Sunday, March 31, 2013
40 Year Itch : Those We Missed from March 1973
"The Kiss" may the most beautiful song released in 1973. It's from singer/songwriter Judee Sill's second album Heart Food, one of Sufjan Stevens's picks for a 2006 Spin Magazine article asking musicians about the music that changed their lives:
The more you listen to her songs, the more you realize all the weird stuff going on.
She was really into baroque music, or at least had those sensibilities. When I started
writing songs, I started looking into people like her, trying to figure out what kind
of an environment they were writing in.
Sill's life was full of tragedy. Everyone she loved died young. She got hooked on heroin and died in 1979.
After a two year hiatus, Scottish troubadour Donovan returned with Cosmic Wheels, a very mixed batch of songs. You could always hear just a trace of Donovan in the music of T.Rex. Now it's the other way around. Especially on the worthy title track. But there's crap here too. The worst of it is "Intergalactic Laxative":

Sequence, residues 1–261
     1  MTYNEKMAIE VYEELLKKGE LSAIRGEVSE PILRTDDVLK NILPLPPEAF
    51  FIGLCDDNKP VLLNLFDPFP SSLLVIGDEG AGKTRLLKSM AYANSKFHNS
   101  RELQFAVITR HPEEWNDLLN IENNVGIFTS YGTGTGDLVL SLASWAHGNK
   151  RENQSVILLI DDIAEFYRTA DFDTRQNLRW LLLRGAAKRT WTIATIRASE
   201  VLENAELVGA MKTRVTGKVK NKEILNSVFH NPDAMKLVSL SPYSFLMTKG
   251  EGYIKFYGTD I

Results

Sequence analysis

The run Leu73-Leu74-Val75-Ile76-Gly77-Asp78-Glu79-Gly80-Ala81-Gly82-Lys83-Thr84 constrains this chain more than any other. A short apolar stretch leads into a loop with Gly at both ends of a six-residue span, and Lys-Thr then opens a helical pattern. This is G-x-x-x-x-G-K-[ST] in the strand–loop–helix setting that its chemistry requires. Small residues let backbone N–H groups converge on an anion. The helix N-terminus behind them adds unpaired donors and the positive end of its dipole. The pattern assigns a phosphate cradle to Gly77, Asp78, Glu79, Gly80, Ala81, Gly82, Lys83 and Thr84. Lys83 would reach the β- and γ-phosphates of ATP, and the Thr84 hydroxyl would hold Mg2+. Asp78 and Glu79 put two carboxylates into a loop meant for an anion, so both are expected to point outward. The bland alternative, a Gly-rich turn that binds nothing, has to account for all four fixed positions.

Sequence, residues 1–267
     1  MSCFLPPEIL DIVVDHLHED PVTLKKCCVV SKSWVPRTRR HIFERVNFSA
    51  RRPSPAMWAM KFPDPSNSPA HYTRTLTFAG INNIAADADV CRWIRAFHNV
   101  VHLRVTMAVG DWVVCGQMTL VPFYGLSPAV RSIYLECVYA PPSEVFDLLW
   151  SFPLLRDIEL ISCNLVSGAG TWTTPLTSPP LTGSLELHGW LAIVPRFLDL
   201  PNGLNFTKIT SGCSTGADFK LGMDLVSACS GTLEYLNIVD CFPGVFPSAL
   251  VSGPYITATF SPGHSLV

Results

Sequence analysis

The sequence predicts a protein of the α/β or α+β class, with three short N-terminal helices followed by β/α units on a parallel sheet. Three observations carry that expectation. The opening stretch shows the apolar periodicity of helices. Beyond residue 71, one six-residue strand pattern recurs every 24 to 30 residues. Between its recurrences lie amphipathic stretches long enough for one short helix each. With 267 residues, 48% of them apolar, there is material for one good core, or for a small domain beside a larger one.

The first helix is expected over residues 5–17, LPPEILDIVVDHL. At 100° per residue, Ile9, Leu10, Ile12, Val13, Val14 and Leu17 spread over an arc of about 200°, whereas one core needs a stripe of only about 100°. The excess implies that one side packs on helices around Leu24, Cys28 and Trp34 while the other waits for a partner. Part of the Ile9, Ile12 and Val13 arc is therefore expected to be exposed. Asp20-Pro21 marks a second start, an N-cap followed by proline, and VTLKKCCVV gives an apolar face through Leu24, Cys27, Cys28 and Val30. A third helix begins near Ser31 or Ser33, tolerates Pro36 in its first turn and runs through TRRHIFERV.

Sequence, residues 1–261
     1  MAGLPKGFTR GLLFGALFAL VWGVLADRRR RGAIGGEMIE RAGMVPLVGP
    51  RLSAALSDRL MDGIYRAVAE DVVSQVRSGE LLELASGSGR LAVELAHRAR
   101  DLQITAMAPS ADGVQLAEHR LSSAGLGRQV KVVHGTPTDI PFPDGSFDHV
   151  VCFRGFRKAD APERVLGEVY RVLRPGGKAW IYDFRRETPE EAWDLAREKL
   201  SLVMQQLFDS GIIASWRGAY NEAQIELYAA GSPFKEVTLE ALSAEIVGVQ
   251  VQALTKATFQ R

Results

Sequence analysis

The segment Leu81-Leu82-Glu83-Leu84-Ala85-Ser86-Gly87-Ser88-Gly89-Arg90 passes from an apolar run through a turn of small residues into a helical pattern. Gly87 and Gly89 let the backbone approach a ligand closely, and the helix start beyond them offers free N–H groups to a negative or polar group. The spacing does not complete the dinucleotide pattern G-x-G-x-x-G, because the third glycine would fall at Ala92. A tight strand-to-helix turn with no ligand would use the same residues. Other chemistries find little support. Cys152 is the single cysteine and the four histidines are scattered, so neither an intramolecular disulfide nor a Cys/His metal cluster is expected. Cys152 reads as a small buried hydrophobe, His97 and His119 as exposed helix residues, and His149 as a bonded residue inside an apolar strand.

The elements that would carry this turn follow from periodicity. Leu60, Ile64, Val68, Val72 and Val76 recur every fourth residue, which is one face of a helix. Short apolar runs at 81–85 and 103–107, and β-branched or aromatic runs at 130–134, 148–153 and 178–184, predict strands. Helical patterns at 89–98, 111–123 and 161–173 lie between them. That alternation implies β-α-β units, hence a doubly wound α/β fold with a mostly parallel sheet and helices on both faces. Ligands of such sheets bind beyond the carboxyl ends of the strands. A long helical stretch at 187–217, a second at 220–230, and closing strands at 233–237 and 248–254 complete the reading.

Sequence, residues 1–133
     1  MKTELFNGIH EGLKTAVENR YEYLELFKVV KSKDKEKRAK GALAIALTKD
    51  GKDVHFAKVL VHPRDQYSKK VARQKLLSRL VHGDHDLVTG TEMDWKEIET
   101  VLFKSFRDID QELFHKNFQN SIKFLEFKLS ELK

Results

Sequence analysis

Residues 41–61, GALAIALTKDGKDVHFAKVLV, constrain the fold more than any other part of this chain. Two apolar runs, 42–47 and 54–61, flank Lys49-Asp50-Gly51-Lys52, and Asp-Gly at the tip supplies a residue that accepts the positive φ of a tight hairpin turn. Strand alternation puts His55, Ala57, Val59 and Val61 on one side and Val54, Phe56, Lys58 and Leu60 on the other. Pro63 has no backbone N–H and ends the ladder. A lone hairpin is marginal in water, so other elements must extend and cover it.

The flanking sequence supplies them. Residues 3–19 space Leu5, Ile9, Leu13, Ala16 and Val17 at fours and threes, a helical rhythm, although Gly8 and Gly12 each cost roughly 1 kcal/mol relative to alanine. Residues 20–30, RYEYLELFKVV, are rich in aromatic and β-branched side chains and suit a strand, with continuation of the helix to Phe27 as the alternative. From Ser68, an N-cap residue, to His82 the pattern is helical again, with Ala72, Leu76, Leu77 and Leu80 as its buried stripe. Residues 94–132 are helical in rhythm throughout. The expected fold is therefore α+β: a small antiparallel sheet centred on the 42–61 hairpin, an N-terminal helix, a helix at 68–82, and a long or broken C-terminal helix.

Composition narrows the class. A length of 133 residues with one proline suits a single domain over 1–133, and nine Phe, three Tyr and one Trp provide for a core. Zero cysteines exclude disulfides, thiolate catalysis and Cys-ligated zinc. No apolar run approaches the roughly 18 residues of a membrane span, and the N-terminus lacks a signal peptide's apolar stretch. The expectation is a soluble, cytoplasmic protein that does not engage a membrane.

If shitting is your problem
When you're out there in the stars,
Oh, the intergalactic laxative
Will get you from here to Mars.
While recording Cosmic Wheels, Donovan popped in on Alice Cooper's Billion Dollar Babies session and sang on the title track. While Billion Dollar Babies hit #1 in the US, Cosmic Wheels would be the last Donovan album to reach the top 20.
Former Zombies keyboardist Rod Argent and his band followed up their massive hit "Hold Your Head Up" with an album full of dull prog rock. The exception is the nearly seven minute opening track , which Kiss covered in 1991 for the soundtrack to Bill and Ted's Bogus Journey.
The reissued In Deep comes with "Hold Your Head Up" so there's that in its favor.
Jeff Beck teams up with former Vanilla Fudge/Cactus members Tim Bogert and Carmine Appice for a power trio album. You can argue that on 1968's Truth, Jeff Beck created the hard rock sound that made Led Zeppelin so famous. Maybe this was his effort at reclaiming the glory. But even the best stuff ( "Sweet Sweet Surrender", "Black Cat Moan") now sounds like some kind of 70's rock cliche.
Stevie Wonder gave Beck "Superstition"( also featured on this album) and only decided later that he would record his own version. Which one do you know?